Israeli Prime Minister Benjamin Netanyahu says many countries will follow the United States in recognising Jerusalem as Israel's capital.
Wednesday's announcement by US President Donald Trump reversed decades of peace-making policy on Jerusalem, which both Israelis and Palestinians claim, and drew censure from many countries, among them key allies of Washington.
"I would like to announce that we are already in contact with other countries which will issue a similar recognition," Netanyahu said in a speech at Israel's Foreign Ministry.
He did not name any of these countries.
The United States plans to open an embassy in Jerusalem, a move it says could take three to four years. The US Embassy is currently in Tel Aviv, Israel's economic hub, as are those of other countries.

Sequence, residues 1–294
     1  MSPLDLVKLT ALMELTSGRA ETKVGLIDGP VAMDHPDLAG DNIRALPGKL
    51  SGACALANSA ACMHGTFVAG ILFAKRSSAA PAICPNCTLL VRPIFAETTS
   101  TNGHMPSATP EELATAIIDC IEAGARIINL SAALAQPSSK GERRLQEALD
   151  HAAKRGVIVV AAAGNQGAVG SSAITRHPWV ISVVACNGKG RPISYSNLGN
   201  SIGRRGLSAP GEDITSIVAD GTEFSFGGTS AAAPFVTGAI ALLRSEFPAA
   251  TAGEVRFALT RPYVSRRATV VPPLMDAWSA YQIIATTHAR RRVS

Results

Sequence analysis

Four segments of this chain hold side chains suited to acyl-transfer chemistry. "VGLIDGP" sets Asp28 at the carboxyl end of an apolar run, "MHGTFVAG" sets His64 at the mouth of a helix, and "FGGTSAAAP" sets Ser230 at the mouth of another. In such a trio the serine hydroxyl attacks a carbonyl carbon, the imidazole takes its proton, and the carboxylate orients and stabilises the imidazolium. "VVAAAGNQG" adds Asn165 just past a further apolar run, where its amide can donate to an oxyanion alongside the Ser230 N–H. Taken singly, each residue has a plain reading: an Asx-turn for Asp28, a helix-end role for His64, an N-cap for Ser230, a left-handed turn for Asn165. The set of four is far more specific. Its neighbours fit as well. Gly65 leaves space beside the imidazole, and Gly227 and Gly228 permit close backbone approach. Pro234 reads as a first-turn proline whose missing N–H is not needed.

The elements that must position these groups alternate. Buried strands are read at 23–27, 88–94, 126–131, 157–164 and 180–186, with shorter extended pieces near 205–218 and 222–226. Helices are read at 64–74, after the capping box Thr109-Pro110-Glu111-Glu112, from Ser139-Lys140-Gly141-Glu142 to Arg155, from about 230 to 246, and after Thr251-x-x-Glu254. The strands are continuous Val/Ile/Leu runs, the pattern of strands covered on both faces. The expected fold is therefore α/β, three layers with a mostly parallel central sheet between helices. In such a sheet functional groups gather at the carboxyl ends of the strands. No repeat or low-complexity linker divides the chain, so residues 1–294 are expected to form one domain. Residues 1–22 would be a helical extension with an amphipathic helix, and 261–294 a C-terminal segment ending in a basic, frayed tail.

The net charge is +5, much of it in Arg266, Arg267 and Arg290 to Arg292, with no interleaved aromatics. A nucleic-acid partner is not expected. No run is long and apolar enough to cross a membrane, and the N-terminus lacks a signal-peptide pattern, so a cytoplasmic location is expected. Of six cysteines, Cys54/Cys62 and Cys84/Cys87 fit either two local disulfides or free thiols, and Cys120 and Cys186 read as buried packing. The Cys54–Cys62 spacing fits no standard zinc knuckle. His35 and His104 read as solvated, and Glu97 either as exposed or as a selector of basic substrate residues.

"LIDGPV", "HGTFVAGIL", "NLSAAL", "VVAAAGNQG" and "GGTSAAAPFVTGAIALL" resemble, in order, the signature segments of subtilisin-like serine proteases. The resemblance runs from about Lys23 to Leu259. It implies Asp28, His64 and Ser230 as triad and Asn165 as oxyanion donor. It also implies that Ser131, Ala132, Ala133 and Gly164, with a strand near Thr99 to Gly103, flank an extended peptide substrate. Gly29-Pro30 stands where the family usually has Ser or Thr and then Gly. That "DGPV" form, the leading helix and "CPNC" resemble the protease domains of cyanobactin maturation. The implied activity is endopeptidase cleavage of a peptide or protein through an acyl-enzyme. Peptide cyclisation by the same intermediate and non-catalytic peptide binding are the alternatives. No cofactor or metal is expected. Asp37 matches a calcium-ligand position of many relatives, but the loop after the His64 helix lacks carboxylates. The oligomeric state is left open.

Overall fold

"I have no doubt that the moment the American Embassy moves to Jerusalem, and even before then, there will be a movement of many embassies to Jerusalem. The time has come," Netanyahu said.
Palestinian Islamist group Hamas called on Thursday for a new uprising against Israel after Trump's move.
Netanyahu earlier praised the US's decision as "courageous and just".
After calling the day "historic," Netanyahu said: "I call on all countries that seek peace to join the United States in recognising Jerusalem as Israel's capital and to move their embassies here."
The Israeli leader promised not to change the status of the sacred religious sites in the city, and to guarantee freedom of religion for Jews, Christians and Muslims.
The Jewish state took over East Jerusalem during the 1967 Six Day War and annexed it in 1980. However, the Palestinians also claim the city as the capital of their homeland and future state, and Jerusalem is the third-holiest city to Muslims.